An epicycle system for planets
Simple models to show epicyclic and retrograde motion from an Earth centred view.
Apparatus and materials
Ball, large (7.5 cm diameter approximately)
Ball, small (2.5 cm diameter approximately)
Health & Safety and Technical notes
In procedure b make sure that parts cannot fly off and hit observers.
A suitable turntable for part c can be obtained from ASCOL, catalogue number P16-1000.
a Hold the larger ball stationary in front of you to represent the fixed 'Earth'. Hold the small ball in your outstretched arm so that you can sweep it in a large arc vertically around the 'Earth' as centre. At the same time make your outstretched hand turn quickly around the wrist so that the ‘planet’ turns in a small circle as it moves in its large orbit.
b You can use a small electric motor assembly to represent the ‘planet’ moving in its epicycle. Sweep the whole assembly in a large vertical arc about the fixed ‘Earth’ whilst the motor drives the ‘planet’ in its small circle.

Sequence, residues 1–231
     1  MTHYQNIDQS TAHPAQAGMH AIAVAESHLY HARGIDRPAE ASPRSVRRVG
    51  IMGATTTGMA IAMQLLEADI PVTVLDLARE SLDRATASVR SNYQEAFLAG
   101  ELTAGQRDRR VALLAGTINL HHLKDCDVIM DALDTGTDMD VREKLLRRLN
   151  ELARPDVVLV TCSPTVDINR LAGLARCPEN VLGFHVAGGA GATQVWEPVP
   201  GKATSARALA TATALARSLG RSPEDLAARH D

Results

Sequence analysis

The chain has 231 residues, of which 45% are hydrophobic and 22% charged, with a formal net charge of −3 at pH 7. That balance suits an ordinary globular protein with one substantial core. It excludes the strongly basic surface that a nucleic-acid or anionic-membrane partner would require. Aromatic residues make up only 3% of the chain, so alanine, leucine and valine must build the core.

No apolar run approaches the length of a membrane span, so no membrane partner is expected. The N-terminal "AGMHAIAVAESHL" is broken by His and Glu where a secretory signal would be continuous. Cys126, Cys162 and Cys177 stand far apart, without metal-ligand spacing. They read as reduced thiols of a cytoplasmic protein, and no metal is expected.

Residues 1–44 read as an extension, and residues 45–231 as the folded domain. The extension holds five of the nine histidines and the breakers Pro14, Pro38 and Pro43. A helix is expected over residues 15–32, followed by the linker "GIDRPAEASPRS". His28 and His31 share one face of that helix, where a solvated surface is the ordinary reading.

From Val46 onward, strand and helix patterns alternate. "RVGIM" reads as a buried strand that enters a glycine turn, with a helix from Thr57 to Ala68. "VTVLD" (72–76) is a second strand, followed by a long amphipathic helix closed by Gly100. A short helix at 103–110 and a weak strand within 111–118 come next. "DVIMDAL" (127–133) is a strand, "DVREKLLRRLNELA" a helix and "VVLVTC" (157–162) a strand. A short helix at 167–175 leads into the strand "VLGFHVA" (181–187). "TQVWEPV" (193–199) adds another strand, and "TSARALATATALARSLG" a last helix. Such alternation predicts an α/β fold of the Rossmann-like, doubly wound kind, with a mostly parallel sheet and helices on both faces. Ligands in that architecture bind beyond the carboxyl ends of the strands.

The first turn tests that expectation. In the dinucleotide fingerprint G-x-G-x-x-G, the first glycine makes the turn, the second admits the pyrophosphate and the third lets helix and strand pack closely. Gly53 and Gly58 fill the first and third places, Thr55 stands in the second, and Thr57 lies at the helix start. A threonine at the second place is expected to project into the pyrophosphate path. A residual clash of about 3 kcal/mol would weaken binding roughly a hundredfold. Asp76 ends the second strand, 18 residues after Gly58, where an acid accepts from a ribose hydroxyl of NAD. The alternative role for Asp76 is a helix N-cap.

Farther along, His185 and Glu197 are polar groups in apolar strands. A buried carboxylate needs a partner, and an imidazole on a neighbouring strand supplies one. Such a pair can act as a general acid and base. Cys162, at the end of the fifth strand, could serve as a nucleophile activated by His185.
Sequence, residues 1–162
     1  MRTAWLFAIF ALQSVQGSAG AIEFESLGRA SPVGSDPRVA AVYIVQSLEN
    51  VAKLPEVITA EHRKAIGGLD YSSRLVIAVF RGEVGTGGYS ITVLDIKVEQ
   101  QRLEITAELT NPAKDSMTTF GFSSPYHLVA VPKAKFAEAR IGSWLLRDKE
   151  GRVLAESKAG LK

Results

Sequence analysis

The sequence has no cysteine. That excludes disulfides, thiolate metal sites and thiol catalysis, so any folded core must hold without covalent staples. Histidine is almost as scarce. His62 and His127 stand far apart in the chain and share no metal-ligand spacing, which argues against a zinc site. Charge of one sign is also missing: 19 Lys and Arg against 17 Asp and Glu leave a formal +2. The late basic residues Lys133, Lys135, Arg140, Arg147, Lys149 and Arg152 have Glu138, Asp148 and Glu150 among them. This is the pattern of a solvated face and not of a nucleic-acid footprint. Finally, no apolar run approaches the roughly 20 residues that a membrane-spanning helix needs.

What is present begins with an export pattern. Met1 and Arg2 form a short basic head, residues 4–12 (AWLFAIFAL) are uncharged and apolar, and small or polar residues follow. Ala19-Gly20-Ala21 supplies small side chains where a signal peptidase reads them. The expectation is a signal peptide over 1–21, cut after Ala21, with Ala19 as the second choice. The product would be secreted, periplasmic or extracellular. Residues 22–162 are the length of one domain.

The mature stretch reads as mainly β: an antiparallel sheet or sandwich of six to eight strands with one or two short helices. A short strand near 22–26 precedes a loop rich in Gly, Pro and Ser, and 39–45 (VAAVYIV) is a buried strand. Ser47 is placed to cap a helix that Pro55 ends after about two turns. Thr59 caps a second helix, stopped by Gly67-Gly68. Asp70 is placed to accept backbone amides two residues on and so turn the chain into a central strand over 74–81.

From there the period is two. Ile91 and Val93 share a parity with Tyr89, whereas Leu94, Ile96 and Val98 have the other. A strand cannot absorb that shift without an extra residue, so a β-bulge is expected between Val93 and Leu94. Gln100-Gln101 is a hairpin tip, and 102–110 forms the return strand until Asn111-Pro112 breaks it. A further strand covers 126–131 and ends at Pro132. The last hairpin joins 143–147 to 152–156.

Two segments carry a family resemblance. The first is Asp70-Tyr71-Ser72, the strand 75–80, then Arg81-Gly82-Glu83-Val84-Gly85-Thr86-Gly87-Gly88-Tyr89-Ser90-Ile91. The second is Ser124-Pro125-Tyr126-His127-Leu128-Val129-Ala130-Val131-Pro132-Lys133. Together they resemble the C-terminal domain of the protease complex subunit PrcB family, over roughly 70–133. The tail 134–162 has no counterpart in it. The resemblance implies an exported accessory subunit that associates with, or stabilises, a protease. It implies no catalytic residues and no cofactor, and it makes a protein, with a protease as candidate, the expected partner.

c The electric motor assembly can be mounted on a rotating turntable. If the turntable is rotated slowly by hand whilst the sphere on the electric motor assembly rotates, you can observe the epicyclic motion. The motor may be tilted a little.
This model still fixes the Earth at the centre of the star sphere. The radius of that circle acts as an arm to carry, at its end, a small circle (an epicyle). A radius of that small circle carries a planet round its circumference at a steady rate while the arm of the large circle revolves at a smaller steady speed.
In this epicycle system for Jupiter, arm EA rotates around the Earth once in 12 years, while arm AJ carries the planet J round once in 365 days. The two motions combine to give the pattern below.
This experiment was safety-checked in July 2007